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Home / Health / Heated tobacco device should be safer than cigarettes really are not, say studies – News – The Columbus Dispatch

Heated tobacco device should be safer than cigarettes really are not, say studies – News – The Columbus Dispatch



The FDA is still advising, but the authors of the new studies have come to their own conclusion: IQOS should not be sold in the US

In 30 countries around the world, consumers can slip a roll of dried tobacco into a foil-lendish device Heat to 350 degrees and breathe in. The result is a nicotine hit that feels like it comes from a traditional cigarette without producing smoke.

The tobacco giant Philip Morris International wants to sell this device in the United States and seeks approval with the IQOS system is less dangerous than old-fashioned smoking. But an independent review of company data at the Food and Drug Administration shows that IQOS does no less harm than cigarettes in 23 out of 24 measures. It can even cause some health problems that cigarettes do not have, including liver disease.

The analysis was led by Big Tobacco Enemy Stanton Glantz, who heads the University of California, San Francisco Center for Tobacco Control Research and Education. The results appear in eight published on Tuesday publications by the BMJ magazine Tobacco Control.

The IQOS system has a cylinder in which a blade is pulled through a dried tobacco product called "HeatStick" and heated to 350 degrees. But unlike a cigarette that burns at 600 degrees, a HeatStick never ignites.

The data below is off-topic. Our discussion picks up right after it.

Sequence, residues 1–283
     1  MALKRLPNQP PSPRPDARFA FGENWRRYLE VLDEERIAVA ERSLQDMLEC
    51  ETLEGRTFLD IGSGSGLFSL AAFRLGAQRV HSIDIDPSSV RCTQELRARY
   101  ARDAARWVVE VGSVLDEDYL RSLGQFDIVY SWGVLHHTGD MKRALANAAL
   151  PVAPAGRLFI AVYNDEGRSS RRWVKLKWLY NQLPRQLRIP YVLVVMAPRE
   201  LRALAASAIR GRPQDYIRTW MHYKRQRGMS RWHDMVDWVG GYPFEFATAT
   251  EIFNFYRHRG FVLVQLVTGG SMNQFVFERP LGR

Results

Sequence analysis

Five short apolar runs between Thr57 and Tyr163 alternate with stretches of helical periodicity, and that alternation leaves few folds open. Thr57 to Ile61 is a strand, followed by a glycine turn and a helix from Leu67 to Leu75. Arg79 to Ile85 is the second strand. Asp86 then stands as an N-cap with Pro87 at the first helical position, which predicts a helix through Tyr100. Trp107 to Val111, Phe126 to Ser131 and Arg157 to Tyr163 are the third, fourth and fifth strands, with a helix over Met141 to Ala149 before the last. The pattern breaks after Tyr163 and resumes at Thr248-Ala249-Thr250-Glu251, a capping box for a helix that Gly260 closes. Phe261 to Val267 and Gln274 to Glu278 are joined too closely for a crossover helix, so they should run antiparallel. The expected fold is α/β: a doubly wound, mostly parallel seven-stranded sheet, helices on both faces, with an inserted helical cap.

That's why Philip Morris and his US partner Altria IQOS call a "reduced harm" tobacco product. The FDA is actively investigating whether this claim can be asserted in the US.

In January, an FDA advisory panel agreed that a complete change from cigarettes to IQOS would significantly reduce the exposure of smokers to harmful chemicals. But the panel said Philip Morris did not show that the reduced exposure would likely lead to a "measurable and substantial" decline in disease and / or death.

The FDA is still advising, but the authors of the new studies have reached their own conclusion: IQOS should not be sold in the US

One of the eight studies questions the reliability of the tobacco company's claim that American smokers, the have switched to IQOS, compared to smokers improvements in two dozen "biomarkers" have observed organ function measures that often serve as a replacement for overall health. Virtually none of the comparisons between those who continued to smoke and those who switched satisfied the statistical standard that protects against Fluke, the analysis revealed.

On 23 of 24 readings submitted by the FDA by Philip Morris, "differences are expected to be due to simple randomness," Glantz wrote. Instead of applying the usual statistical conventions and discussing them in their submission to the FDA ̵

1; a standard that Glantz called "routine for such scientific analysis" – Philip Morris' documents simply "emphasize the direction of change," wrote he.

It's the kind of statistical right that no regulatory scientist would get away with, he added, "No tobacco company would tolerate such allegations from the FDA or other health authorities."